A rise in Premier League piety?
Musa Okwonga asks what's behind football's on-pitch displays of devotion
On 21 January 2012, Clint Dempsey’s third goal for Fulham against Newcastle was notable for two reasons. First, it marked the first time that an American had scored a hat-trick in the Premier League. Second, the celebration that accompanied the clinching strike in a 5-2 victory was accompanied by a show of spiritual thanks, Dempsey crossing his chest and then looking to the heavens. We’d seen something similar a couple of years earlier, on 30 April 2008. On that day, following the untimely death of his mother from pneumonia, Chelsea’s Frank Lampard celebrated a crucial Champions League penalty against Liverpool by raising both hands to the sky, where he hoped that his mother would be watching. More recently, Venky’s – the Indian poultry company who own Blackburn Rovers – commissioned an advert that featured Blackburn players huddled together in the dressing-room, crossing themselves fervently before having a ceremonial pre-match meal of fried chicken. What was this, a religious revolution among the world’s best-paid players?
Well, no: not really. There have always been subtle manifestations of faith in football. Perhaps unsurprisingly, footballers from other countries are somewhat more extrovert. Most famously, there’s Brazil and Real Madrid’s Kaka, who when he won the Champions League with AC Milan in 2007 jogged along the pitch wearing a T-shirt proclaiming “I Belong To Jesus”. Meanwhile, we Brits are not that demonstrative a people, and so when it comes to displays of religious conviction we are no different. This low-key approach is typified by Chris Powell, the softly spoken former England left-back and current Charlton Athletic manager, who remarked in 2006 that his belief in God “gives me a sort of inner-peace, a sort of well-being. I live my life for this way, and that’s because of the Lord and what has happened, and what he done to save me, and save everyone. It gives me a great joy to know that the Lord is around me at all times, and I can pray for things whether it is good or bad that’s happened in my football career.”
In that vein, a Premier League club where you might have seen a few players engaged in quiet pre-match prayer was Portsmouth FC a couple of years ago, where Linvoy Primus, Sean Davis and others were committed Christians (who have subsequently gone on to found Faith and Football, an organisation which works with young people in local communities). They’re the most well-known, but by no means an isolated example: several clubs have team chaplains, one of whom, Leicester City’s Bruce Nadin, recently left the UK to start a football-based rehabilitation programme in a South African prison.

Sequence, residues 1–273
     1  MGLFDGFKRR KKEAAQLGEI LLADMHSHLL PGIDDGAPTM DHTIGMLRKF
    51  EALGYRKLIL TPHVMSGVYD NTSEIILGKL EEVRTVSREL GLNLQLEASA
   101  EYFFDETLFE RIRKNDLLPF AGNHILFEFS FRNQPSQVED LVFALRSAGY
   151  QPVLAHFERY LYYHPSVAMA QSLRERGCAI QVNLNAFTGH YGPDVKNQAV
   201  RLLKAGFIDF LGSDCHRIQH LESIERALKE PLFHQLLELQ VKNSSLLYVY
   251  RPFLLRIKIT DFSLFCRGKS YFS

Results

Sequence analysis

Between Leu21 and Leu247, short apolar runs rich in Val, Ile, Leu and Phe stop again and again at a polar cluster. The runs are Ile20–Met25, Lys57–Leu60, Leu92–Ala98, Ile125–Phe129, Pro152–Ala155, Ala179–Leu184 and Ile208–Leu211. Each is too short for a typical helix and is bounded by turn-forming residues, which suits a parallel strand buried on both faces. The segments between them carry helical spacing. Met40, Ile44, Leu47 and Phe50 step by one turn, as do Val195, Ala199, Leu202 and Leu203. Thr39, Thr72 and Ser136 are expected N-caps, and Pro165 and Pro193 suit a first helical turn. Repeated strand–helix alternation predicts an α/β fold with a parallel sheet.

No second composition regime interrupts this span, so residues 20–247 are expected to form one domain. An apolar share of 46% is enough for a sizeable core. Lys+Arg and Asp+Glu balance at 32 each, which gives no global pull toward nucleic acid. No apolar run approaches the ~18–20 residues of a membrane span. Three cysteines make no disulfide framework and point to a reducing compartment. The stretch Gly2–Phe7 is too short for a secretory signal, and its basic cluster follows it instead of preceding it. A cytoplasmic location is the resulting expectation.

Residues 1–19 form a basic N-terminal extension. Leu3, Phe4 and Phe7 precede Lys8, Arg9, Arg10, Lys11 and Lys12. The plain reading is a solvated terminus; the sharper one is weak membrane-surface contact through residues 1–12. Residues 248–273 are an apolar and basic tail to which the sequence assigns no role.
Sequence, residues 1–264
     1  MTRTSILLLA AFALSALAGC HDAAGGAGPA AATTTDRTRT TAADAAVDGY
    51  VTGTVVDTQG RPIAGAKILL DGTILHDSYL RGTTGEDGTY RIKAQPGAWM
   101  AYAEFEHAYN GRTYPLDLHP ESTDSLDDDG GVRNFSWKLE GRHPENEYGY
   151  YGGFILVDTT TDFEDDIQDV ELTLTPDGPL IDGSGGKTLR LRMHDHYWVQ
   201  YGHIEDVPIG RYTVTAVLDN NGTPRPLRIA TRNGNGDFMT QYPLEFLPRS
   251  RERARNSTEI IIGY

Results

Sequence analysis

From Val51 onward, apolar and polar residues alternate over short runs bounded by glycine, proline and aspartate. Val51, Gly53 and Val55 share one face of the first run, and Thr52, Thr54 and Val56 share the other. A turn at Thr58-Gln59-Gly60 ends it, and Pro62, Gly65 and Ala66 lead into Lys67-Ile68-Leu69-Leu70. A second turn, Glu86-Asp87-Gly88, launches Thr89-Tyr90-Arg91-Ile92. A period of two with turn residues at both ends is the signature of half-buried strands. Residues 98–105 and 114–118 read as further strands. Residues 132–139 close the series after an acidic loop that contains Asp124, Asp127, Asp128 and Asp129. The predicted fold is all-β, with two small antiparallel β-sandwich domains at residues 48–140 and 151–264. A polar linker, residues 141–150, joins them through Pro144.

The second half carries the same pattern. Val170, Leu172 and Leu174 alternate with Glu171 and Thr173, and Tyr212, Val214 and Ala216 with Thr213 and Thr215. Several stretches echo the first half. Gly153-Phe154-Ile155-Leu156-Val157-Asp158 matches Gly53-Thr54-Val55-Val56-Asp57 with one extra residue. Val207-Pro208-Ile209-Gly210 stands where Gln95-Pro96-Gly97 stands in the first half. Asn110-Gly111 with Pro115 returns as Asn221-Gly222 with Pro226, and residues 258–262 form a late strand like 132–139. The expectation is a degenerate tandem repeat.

None of this should come as any particular surprise. In a game where many players have to face almost overwhelming odds before even making it into the professional ranks, it makes sense that many of them would seek out the support of a higher power. On that note, Frank Lampard’s relationship with the Almighty is somewhat more ambivalent than it appears at first glance. “If anyone asked me if I believed in God I always said yes, but I never did much about it. And then when [his mother died], that changed. I have tried to find reasons, I have gone to church,” he told the Daily Mail’s Martin Samuel. “I’m quite a cynical b****** really. I’ll have days when I think she is up there looking down on me and others when I’m thinking, no she isn’t, she isn’t anywhere, she’s gone.” Despite that cynicism, though, Lampard now has a pre-match routine of his own. “I have a moment when I pray in the tunnel before games now,” he revealed in the same interview. Lampard’s approach, where someone who is essentially secular seeks out religious respite, is a common one throughout football. In a world of rapidly changing fates, where league titles can be decided upon a whim, it is natural that, for so many fans, faith will take the place of cold logic.